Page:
The Bling Ring
Directed by: Sofia Coppola
Written by: Sofia Coppola (screenplay), Nancy Jo Sales (article)
Starring: Katie Change, Israel Broussard, Emma Watson and Taissa Varmiga
Comparisons between Sofia Coppola’s The Bling Ring and Harmony Korine’s Spring Breakers are inevitable. They both engage the surfacy perception of millennial femininity in shocking and brazen ways, and they both involve crime whose success is rooted in upper middle class privilege.
As for the two movies’ styles, though, they couldn’t be more different. Korine uses pop music to heighten the experience to an almost sugary level, while Coppola denies that pleasure intentionally. There are elegant scenes of slow motion and dance club outings, but they are rooted in an awkward realism and end so abruptly that it makes them hard to enjoy. If Spring Breakers’ mantra was “Pretend like it’s a video game,” then this movie’s is almost certainly “Pretend like it’s a reality show.”
In nearly every scene, the troubled, attractive youth talk about celebrities and their stuff. They casually start stealing it after using gossip websites to track the stars’ travels so they know when to strike. Coppola uses this opportunity to explore a theme that’s prominent in many of her other films: an outsider suddenly (and tragically) introduced to a culture of glamor. Whereas Marie Antoinnette often felt trapped and alone, though, the teens of The Bling Ring are too blinded by brand names to realize how stupid they’re being.
Rebecca (Katie Chang) and Marc (Israel Broussard) are at the center of the ring, and most of the movie is told from Marc’s point of view. Broussard does a good job at playing him as shy and nervous, but also shows how comfortable he is being himself around his friends. He is one of the most authentic young gay characters I’ve seen in a movie, and though his ending is tragic, it’s also earned and has nothing to do with his sexuality.
The other members of the ring come from more affluent backgrounds. Nicki (Emma Watson) is by far the most conniving and annoying of the bunch, and has a personality ripped right from an episode of The Hills. Watson does a good job at conveying that, but the performance at times felt (unintentionally) too much like a Saturday Night Live character. However, the rest of the cast balances that level of self-conscious glitz out very well.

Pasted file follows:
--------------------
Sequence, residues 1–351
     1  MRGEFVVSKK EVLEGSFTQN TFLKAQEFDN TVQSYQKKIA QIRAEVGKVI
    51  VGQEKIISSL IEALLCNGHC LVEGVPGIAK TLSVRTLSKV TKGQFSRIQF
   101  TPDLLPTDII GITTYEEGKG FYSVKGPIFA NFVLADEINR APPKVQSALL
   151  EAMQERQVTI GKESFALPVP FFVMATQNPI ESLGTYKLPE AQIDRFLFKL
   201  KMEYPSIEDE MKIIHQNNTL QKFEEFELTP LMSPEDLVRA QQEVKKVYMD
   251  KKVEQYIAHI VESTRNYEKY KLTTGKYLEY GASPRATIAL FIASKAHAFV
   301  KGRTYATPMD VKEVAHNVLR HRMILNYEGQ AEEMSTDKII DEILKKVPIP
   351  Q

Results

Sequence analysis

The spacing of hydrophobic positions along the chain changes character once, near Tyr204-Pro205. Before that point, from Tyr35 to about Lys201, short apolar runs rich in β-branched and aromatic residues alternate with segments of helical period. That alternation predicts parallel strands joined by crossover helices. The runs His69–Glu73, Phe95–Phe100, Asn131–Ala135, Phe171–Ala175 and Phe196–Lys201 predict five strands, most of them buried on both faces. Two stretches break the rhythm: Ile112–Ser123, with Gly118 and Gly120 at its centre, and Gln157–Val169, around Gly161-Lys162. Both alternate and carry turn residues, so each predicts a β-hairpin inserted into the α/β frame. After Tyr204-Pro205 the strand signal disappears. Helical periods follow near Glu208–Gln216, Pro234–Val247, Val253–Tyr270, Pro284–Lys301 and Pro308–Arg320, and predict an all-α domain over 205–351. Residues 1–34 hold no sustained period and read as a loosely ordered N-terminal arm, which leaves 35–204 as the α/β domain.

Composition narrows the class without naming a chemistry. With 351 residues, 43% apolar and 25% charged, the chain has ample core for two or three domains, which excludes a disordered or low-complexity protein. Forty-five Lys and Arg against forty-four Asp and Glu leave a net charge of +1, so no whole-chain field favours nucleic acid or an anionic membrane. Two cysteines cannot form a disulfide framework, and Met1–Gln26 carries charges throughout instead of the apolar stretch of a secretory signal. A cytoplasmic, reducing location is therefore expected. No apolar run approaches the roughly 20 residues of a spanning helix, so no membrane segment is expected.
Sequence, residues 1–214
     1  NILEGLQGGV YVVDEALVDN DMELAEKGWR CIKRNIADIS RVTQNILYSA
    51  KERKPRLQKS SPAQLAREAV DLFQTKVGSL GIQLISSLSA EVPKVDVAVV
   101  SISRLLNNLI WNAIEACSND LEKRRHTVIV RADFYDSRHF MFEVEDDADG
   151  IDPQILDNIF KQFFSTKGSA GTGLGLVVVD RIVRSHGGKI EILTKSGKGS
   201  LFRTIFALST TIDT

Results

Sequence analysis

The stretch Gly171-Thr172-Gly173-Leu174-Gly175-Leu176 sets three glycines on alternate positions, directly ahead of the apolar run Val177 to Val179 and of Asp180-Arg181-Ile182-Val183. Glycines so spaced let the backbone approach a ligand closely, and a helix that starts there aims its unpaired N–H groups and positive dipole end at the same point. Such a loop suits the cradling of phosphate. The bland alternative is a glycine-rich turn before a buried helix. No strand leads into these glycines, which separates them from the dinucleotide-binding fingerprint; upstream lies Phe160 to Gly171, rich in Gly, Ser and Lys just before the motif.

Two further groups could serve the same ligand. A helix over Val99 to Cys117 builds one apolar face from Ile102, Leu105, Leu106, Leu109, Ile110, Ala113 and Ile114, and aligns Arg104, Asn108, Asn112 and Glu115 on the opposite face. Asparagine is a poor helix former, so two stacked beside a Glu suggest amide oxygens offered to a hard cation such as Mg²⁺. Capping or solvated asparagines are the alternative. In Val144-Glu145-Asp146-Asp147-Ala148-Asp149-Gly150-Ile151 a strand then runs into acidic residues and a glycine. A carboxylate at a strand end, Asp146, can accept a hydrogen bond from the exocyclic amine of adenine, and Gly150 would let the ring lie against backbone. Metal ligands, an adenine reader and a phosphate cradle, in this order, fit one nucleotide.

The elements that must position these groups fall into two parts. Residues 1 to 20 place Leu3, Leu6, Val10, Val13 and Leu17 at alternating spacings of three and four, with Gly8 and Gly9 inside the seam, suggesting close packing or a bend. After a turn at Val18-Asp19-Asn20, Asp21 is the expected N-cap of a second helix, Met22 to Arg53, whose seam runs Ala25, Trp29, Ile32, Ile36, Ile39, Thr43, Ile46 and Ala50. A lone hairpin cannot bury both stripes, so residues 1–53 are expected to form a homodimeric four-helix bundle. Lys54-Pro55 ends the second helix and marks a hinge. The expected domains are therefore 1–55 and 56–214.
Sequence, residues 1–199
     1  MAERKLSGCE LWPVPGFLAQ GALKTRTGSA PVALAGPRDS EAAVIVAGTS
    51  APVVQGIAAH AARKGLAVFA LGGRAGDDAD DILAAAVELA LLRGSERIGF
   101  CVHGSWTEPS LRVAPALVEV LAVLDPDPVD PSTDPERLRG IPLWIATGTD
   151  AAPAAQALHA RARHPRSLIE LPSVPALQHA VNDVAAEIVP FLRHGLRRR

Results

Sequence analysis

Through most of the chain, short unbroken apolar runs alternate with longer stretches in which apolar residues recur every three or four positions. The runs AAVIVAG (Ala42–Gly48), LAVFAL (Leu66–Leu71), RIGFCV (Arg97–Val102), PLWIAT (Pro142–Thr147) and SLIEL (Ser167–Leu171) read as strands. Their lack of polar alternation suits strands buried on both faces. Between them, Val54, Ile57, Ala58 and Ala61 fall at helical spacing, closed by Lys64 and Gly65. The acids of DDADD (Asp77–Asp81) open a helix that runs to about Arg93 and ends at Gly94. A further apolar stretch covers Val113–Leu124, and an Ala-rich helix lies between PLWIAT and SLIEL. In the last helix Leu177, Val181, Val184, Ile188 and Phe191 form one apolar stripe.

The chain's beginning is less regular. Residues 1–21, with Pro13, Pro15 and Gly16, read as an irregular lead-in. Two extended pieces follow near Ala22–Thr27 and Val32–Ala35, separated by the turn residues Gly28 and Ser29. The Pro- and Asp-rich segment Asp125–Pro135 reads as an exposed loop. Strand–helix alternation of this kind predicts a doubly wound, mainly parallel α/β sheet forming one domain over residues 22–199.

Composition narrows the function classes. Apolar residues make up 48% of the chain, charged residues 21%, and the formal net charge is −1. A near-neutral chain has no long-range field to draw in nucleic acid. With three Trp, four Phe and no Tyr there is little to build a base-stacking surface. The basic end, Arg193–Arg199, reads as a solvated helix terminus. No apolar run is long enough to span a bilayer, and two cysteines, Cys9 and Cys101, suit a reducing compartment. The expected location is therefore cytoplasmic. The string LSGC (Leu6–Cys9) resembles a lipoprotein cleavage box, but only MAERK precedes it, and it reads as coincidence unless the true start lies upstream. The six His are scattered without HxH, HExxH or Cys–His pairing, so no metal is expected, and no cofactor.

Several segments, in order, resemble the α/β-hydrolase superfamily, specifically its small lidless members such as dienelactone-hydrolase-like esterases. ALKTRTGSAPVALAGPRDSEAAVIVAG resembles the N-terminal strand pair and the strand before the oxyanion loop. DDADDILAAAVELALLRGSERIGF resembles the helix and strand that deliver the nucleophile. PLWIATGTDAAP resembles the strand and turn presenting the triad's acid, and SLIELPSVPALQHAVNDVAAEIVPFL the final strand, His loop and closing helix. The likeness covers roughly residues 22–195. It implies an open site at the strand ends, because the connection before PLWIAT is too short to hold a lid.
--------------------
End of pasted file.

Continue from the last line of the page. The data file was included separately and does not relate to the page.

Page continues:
Coppola never really allows the camera to indulge in the lifestyle that the teens are so desperately trying to steal, though, and that distance is mostly successful but sometimes leaves the characters annoyingly out of reach. She is very adept at observing the class distinctions motivating each one of them, but the talking head interviews with the reporter who writes the article that the screenplay is based on do little to deepen the story. In fact, they make it feel more like a reality show, and not in a good way.
If the movie is not completely successful at exploring the individuals behind these celebrity robberies, it is good at showing us the club party mentality that inspires it. The repercussions of the thefts have more of a weight on the poorer kids, and one of them uses the spotlight as a way to project herself into the zeitgeist. Coppola, up until now, has made a career out of characters looking to escape that spotlight and its responsibilities, something she obviously knows all too well. By taking the perspective of people trying to break in, she pokes fun at the absurdity of celebrity life by showing what it looks like when it’s regular people who act that way.